They Pack Potassium
Think of potassium as the sodium equaliser. It can help remove excess salt from your body, which is important for keeping your blood pressure under control. Each cup of cooked white mushrooms contains nearly 10 per cent of the recommended daily 4,700 milligrams of potassium, a threshold that many men struggle to meet.
Mushrooms are the only vegetable source of Vitamin D, a nutrient that's linked to a lower risk of cancer, diabetes and hypertension. Well, technically, they contain ergosterol. This becomes converted into vitamin D2 - a type of D that your body can readily absorb - when sunlight hits them. See the next page for a trick to enhance this process.
They detonate a mushroom cloud of beneficial antioxidants. A 2017 study found that mushrooms contain two powerful antioxidants, glutathione and ergothioneine. Low levels of glutathione have been linked with a greater risk of developing heart disease, diabetes and cancer. Plus, mushrooms contain an inflammation-fighting fibre called beta-glucan, also found in oats and barley.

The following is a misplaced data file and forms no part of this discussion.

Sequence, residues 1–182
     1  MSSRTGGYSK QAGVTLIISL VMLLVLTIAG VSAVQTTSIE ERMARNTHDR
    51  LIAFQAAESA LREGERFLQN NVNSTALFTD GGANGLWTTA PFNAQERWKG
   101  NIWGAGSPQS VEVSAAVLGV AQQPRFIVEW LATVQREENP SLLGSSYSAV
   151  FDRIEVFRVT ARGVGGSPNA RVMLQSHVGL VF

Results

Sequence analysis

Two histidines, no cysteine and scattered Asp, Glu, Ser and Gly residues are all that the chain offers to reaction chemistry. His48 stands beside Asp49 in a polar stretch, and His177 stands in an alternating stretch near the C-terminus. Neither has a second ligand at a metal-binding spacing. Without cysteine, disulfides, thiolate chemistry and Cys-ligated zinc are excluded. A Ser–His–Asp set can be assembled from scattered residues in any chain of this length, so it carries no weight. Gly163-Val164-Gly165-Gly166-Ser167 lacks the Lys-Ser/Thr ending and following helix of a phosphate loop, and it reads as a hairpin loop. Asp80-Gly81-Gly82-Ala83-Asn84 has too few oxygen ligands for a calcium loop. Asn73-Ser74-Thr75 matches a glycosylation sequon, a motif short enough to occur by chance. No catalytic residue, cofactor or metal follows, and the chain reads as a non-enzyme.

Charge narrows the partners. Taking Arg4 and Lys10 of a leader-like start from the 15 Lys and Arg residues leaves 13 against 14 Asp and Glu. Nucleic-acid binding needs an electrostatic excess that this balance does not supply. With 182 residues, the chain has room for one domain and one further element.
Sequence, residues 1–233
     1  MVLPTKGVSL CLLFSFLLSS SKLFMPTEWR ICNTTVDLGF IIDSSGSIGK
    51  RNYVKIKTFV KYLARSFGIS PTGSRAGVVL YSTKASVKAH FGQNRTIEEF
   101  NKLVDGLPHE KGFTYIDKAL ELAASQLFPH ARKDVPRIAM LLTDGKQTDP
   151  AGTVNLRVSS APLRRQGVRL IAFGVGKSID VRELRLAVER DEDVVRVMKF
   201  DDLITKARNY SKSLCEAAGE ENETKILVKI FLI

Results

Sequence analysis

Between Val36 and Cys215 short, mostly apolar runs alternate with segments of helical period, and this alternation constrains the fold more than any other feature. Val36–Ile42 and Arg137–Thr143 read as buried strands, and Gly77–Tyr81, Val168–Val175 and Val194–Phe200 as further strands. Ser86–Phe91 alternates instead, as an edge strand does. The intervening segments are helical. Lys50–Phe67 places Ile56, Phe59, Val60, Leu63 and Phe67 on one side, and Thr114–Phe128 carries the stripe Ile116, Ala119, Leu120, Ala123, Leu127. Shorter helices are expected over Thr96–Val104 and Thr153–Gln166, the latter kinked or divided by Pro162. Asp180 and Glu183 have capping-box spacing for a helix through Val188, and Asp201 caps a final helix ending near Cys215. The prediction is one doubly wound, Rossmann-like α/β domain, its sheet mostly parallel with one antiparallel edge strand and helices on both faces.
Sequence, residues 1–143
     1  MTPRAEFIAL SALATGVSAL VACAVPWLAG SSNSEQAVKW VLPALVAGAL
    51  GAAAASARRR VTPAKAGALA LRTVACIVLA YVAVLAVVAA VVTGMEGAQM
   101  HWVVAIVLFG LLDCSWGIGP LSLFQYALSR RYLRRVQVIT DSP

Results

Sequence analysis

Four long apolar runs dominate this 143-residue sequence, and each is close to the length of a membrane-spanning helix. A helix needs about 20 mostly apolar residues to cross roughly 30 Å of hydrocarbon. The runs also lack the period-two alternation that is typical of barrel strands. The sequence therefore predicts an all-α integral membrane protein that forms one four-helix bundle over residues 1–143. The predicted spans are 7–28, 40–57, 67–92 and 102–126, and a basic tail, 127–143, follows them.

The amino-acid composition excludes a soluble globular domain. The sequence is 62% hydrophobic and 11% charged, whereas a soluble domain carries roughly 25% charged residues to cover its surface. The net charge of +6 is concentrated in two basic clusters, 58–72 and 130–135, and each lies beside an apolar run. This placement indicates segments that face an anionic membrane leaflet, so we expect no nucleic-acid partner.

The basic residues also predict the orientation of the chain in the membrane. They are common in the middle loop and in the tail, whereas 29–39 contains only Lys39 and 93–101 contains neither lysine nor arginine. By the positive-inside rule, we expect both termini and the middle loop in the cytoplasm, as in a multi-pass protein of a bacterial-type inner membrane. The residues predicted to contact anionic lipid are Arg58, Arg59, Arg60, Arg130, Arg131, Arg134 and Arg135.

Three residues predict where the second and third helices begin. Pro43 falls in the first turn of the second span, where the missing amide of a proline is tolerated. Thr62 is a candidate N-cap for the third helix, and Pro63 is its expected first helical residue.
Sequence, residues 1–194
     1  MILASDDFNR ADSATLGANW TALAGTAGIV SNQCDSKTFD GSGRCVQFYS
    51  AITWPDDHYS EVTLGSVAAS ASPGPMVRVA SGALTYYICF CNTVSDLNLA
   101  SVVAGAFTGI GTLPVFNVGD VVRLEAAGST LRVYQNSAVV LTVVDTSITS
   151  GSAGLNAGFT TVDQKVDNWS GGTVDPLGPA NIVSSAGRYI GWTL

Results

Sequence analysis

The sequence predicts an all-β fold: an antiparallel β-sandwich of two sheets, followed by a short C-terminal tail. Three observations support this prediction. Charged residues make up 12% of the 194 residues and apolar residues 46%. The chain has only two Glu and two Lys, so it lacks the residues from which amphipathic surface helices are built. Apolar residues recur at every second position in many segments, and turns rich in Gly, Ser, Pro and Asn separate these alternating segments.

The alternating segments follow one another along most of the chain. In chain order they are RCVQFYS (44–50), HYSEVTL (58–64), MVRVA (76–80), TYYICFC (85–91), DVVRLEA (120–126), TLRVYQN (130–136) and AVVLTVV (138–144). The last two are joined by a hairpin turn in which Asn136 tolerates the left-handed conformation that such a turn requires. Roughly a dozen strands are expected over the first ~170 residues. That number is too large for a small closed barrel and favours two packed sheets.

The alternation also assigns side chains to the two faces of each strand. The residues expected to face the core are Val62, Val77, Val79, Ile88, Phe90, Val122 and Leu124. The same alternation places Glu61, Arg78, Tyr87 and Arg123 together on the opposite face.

A half dozen large white mushrooms contain a mere 130kj. Look, most vegetables are low-kilojoule, but the uniquely meatlike feel of mushrooms is a powerful fullness-inducing factor. In one study, participants in a weight-loss program who substituted mushrooms for meat in three meals each week lost about 2.5 kilos more in six months than those who stuck to a standard weight-loss diet.